Pursuant to Texas Government Code § 411.0726, you must wait two years after the dismissal and discharge of the criminal offense to file the petition for an Order of Nondisclosure. Let your attorney check if the mandatory waiting period has been met to proceed with filing the petition for an Order of Nondisclosure.
What Documents Do I Need to File a Petition for an Order of Nondisclosure?
When filing a petition for an Order of Nondisclosure, you must be able to produce the following documents:
Documentation related to the judgment in your criminal case;
Proof that your case was reduced to deferred adjudication period, confinement, or probation;
Proof of completion of deferred adjudication, confinement, or probation;
Proof that the criminal proceedings were dismissed and you were discharged; and
Proof showing that the judge set aside the verdict or the dismissal of a complaint, accusation, or indictment against you.
Your attorney will help you gather all the necessary documents to file a petition for an Order of Nondisclosure in Texas.
What Happens After the Court Issues an Order of Nondisclosure?
Many people who are eligible for an Order of Nondisclosure do not understand what to expect after the court grants the Order.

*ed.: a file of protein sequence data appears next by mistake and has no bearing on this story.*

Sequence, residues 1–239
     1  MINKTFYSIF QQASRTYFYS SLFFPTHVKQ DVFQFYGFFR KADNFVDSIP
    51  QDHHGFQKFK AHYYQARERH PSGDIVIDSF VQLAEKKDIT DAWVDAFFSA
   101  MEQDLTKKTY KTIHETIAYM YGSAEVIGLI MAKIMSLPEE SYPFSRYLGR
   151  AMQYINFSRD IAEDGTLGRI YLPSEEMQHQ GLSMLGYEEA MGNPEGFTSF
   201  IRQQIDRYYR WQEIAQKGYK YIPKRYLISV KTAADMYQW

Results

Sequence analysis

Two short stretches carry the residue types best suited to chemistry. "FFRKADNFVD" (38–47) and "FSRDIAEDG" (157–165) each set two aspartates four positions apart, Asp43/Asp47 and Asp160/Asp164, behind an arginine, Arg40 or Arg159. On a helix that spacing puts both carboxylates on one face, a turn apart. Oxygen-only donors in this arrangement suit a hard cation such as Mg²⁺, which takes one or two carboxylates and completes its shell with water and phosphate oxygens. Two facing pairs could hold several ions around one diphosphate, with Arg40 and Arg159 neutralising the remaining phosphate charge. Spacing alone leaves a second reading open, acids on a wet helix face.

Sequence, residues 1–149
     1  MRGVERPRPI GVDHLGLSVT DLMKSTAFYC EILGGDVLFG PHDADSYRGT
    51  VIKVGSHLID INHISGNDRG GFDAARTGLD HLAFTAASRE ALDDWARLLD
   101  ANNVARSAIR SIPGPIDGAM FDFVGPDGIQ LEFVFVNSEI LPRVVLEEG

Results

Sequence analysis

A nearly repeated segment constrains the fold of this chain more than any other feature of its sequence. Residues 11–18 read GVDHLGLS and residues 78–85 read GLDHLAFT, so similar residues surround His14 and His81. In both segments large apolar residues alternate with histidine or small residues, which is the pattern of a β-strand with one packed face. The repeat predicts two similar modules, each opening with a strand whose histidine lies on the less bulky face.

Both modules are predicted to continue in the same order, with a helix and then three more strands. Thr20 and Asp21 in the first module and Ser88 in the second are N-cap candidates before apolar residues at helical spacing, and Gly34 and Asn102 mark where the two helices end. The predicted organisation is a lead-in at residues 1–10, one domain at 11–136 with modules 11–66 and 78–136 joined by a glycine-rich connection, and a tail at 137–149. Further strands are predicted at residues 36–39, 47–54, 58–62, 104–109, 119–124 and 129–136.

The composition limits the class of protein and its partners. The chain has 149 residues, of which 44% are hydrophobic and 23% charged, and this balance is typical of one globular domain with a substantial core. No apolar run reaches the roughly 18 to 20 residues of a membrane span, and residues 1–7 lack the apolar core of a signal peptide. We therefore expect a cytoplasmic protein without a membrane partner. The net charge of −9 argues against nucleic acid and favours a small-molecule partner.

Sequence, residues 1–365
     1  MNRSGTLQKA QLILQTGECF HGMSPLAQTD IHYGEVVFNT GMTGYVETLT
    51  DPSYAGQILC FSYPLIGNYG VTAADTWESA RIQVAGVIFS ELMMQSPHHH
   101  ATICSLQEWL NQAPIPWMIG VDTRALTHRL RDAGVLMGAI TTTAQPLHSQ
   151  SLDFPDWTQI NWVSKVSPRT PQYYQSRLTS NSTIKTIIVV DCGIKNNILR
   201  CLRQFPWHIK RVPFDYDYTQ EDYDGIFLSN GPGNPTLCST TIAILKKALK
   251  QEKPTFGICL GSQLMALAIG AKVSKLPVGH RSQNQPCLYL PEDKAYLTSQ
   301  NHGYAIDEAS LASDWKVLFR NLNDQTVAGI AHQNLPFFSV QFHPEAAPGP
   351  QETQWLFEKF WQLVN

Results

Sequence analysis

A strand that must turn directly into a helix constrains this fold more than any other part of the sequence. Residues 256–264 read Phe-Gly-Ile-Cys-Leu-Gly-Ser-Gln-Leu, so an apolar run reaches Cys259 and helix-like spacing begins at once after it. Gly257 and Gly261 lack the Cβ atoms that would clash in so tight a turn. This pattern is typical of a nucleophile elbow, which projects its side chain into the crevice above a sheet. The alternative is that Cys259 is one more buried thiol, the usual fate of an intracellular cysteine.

Once the judge signs the Order, the clerk of the court will send a copy of the Order to the Texas Department of Public Safety (DPS). The copy will be forwarded to the DPS within 15 business days after the date the Order was issued.
When the DPS receives the copy of the Order of Nondisclosure, the department has ten business days to:
Seal the criminal offense that is subject to the Order; and
Send a copy of the Order to all public entities and agencies (both federal and state) listed in Texas Government Code § 411.075.
Contact a Waco Criminal Attorney to Get a Free Consultation
If you wish to seal parts of your criminal history and believe that you are eligible for an Order of Nondisclosure in Texas, contact an experienced attorney to assist you.At The Law Office of Brett H. Pritchard, our Waco criminal attorneys are committed to helping our clients get records of criminal convictions and arrests sealed. Call 254-501-4040 or contact us online for a free consultation.